Small solid radio, easy to use once you learn, full of features  Time owned: 0 to 3 months
You should know that I'm a freshman computer science major, so I'm willing to put up with awkward but powerful interfaces. With that in mind, I'm very happy with the Yaesu VX-6R. It's a small but solid and powerful radio that has served me well so far.

It's well-built, and I've dropped it a couple times with no visible damage. The display is readable and bold, although it has a "starburst" display for letters instead of a dot-matrix one like the VX-7R. The LCD and keypad are backlit with a nice adjustable red LED, and there is a multicolor "strobe" LED that indicates the status of the radio (RX, TX, charging, charged, or no battery). The green receive indicator is a little bright, but you can turn it off.

The interface is complicated, I will admit. Each key has three functions, and there's a 74-item menu for the functions not found on the keypad. But the keys are well-labeled, and the menu is alphabetized, so it's easy to find things. There's a key labeled "P" that you can assign to any item in the menu, and you can also assign Yaesu's "Internet" key to another item if you don't need the WIRES feature. If you know how to use your cell phone's phone book, you can probably deal with the menu.

The memory system is great, except for the usual caveat that you can't delete memories. There are 900 regular memories plus a bunch of extra ones, and 24 "memory banks" that you can use to easily group memories. Switching between the VFO, memory, memory bank, and special bank (pre-programmed shortwave stations, VHF marine channels, and weather channels) modes is a breeze, and notably easier than on the VX-7R.

Scanning is fairly fast -- by my measurements, 11 channels/sec in VFO mode, and around 9 or 10 channels/sec in memory mode -- and extremely flexible. You can scan pretty much any range you want, and you can scan all memories, one bank, or a "linked" set of banks in memory mode.

The transmitter works well, as far as I can tell. Microphone gain is adjustable, which is useful, and the transmit audio is clear. The receiver works well, but suffers from strong image reception, which can be mitigated with some success using the attenuator. The receiver is fairly sensitive for an HT, which is good for ham operation but causes problems on strong broadcast signals. Again, the attenuator helps.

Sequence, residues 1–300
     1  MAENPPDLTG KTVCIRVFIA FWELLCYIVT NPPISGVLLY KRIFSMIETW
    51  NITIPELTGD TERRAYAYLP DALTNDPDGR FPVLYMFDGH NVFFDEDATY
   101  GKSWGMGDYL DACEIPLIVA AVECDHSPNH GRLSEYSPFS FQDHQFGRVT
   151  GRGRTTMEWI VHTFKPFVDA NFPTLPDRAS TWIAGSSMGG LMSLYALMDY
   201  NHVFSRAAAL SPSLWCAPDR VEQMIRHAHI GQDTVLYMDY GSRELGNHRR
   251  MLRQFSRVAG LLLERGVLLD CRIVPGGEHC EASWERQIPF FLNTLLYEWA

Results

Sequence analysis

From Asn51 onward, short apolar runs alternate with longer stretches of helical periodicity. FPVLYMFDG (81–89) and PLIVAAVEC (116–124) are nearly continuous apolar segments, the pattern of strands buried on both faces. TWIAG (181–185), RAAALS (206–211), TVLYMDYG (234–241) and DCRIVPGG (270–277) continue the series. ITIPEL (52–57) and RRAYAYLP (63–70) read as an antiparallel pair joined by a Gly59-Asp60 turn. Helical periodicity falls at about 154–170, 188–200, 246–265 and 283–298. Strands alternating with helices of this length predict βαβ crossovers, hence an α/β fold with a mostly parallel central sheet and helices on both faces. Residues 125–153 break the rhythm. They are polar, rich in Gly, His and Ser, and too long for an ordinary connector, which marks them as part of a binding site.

The speaker is loud, and doesn't suffer from too much distortion at the high end. If you want to attach a headset or earphones, Yaesu included only a proprietary 4-pin connector with a set of threads to secure the plug.

The included antenna, like most, should be replaced. It's fine for hitting our local repeater, but not much else. Picking up a third-party dual- or tri-band antenna will improve your signal quite a bit. The antenna connector is SMA, which is less common, but more secure than BNC.

The battery is great so far. I've never even seen the low battery symbol, but I haven't done any "events" with the radio yet. One quirk is that sometimes the charge r displays "NO BAT" and the LED glows orange if you try to charge the battery after it's full.

Yaesu's crammed a lot of miscellaneous features into this rig, so I feel I should discuss them, and whether they're useful or not:

EPCS (Enhanced Paging and Coded Squelch): This turns the radio into a simple pager. It's nice, but unfortunately once a call is placed, the squelch is no longer "coded", and opens for anything, which makes it susceptible to interference.

Channel Counter: This is a poor man's frequency counter, which quickly scans a wide range for a nearby transmitter. It's somewhat useful, but too slow on wide frequency ranges, and often finds annoying "birdies" instead of the transmitter.

Smart Search: This scans above and below a specified frequency, storing the signals heard into 30 memory (15 above, 15 below). It's useful for finding things to listen to while you do something else and then checking out the results, but it's not very practical.

WIRES (Wide-Coverage Internet Radio Enhancement System): This is Yaesu's proprietary attempt to capture some of the Echolink/IRLP market. I've never seen a repeater with it, so as far as I know, it just wastes a button on the keypad. Luckily you can reprogram that button to do something else.

Direct Memory Recall (DMR): You can program 10 memories by simply holding down the number key (0 through 9) for them. Then, you can enter the DMR mode by holding the P key, and switch memories by just pressing the number. This seems like a great feature for working large public service events that use many repeaters, or just hopping between repeaters easily.

ARTS (Automatic Range Transpond System): Basically, this turns DCS on, and transmits every 15 or 25 seconds to notify a similar radio that it's still there. If it doesn't hear a transmission within the same time interval, it shows "OUT RNG" on the display and beeps. Unfortunately, it only works with one other person, and locks you out of many functions of the radio to prevent you from accidentally changing frequency or anything like that.